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TDoR 2020: What Trans Day of Remembrance actually represents

A blog post from a:gender, to mark TDoR.

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By Civil Service LGBT+ Network & a:gender

This blog post has been written by a member of a:gender.

Today marks International transgender day of remembrance, which was inaugurated in 1999 following the murder of Rita Hester, who was found with more than twenty stab wounds to her chest.

I will begin by speaking of what TDoR actually represents, even though the title itself should tell us. I will apologise in advance, for I will get emotional, but I am sure you will understand why.

I will stress that today is not just a day of mourning, but one of celebration of life, which is the way all such occasions should be marked. Nevertheless, we continue to mourn people such as these:

  • Leelah, who put on dark clothing and walked down a major road in the dark, no longer able to cope with her family’s transphobia. She was only 17, and got four miles before the first lorry hit her.
  • Dee, stabbed 237 times, mostly in the face, as she went back to a hotel room with a man she clearly thought was a decent human being. He stayed with her for twenty minutes, just long enough to have sex with her, but already had the knife with him. She was 25.
  • Rita, the original symbol of TDoR, stabbed dozens of times and left dead on the floor of her room. She was killed two days before her 35th birthday.
  • Lucy Meadows, a UK teacher hounded by a newspaper columnist for no other reason than that she was a trans woman, who took her own life. She was 32.

We look at the horrendous murder rates of trans people in Brazil and other countries, and we mourn.

We see the heightened suicide risk for unsupported trans children, and we mourn.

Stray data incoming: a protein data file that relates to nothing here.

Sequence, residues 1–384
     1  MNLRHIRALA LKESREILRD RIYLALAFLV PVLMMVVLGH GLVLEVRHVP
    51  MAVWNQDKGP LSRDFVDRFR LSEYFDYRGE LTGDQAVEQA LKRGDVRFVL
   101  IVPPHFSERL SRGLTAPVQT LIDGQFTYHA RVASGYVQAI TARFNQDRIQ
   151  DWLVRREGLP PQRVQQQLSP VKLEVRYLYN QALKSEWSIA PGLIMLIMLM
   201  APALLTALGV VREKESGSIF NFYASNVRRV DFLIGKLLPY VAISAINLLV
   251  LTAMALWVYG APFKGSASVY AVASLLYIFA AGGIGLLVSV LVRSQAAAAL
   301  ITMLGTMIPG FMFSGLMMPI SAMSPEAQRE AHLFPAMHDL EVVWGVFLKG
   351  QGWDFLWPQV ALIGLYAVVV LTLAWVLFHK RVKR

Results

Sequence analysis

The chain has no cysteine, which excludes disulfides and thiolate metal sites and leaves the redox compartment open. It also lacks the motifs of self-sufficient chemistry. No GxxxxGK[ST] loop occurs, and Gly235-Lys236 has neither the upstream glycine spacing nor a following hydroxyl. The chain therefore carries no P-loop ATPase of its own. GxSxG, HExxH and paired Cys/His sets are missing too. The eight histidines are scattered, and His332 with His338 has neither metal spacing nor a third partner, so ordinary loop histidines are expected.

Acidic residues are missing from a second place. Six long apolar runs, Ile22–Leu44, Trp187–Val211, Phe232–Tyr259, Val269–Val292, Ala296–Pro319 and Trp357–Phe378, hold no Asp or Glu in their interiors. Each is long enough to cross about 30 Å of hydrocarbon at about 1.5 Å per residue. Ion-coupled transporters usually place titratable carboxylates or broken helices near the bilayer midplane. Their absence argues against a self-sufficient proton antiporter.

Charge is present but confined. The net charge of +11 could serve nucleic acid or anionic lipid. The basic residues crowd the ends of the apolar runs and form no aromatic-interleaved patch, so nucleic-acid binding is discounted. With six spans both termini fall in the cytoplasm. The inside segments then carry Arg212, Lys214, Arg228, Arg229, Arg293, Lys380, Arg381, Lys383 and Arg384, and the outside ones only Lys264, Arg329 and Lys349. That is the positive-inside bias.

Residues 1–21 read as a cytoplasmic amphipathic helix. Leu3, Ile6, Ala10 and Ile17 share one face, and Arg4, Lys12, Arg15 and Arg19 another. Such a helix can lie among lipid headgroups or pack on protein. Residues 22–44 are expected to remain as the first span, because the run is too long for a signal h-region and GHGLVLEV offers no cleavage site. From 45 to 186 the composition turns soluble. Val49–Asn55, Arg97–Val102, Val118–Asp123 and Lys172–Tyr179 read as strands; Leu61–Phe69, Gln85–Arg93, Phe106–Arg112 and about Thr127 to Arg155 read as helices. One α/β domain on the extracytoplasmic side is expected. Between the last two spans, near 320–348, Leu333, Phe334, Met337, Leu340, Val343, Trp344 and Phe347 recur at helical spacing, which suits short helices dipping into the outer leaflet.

We look at the recent death of Naomi Hersi, murdered in a Heathrow hotel room in March last year, whose death is excused by bigots as not worth worrying about because “he was a sex worker”, and we mourn.

We see the wave of murders of trans women of colour in America, so many of whom are sex workers only because when society leaves you no room to live, no right to a home and free to be sacked from any job that you might find, selling your body is the difference between starvation and a half-life, and we mourn.

There is that other side, though, the celebration of lives that are now lost. People whose lives have been snuffed out still remind us of what the human spirit can achieve, and that is what we should hold to today. There is a picture of Naomi Hersi that has been used in every news report, and it is of a smiling woman, clearly happy in her life. Dee Whigham had finally found her life, and was on a ‘girls’ weekend’ with other women. This does not alter the horror or the brutality of how they died, but it does give additional focus.

The waves of hatred that are directed at trans people can feel unbearable. Recently, a well -known campaigner against trans rights, who features regularly on television, responded to a question about the possible effects of Hormone replacement therapy on trans women, described, naturally as “men”.

“What would the effect be?” was the question, and her response was two words: “Death, hopefully”.

I am not here to speak at length about that hatred, for it is evident and obvious for anyone with a few minutes to look at the press or social media, with 323 trans hate articles in one newspaper alone in 2018. It is there, though, and it is real. Sometimes, that reality can become personal, and it did so for me, quite recently.

On October 21st, I was myself physically attacked by a man in broad daylight, on Broad Street, in fact, in Birmingham. All very alliterative, and the reasons for the attack were made very clear when he asked repeatedly “What sort of *** queer are you?”

I ended up bruised, and in shock. Fortunately, I was on my way to help set up the a:gender conference, so when I made it into the venue, into a place of safety, after spending half a mile watching over my shoulder in case he came back, when I was finally safe, and broke down, I had friends around me who understood.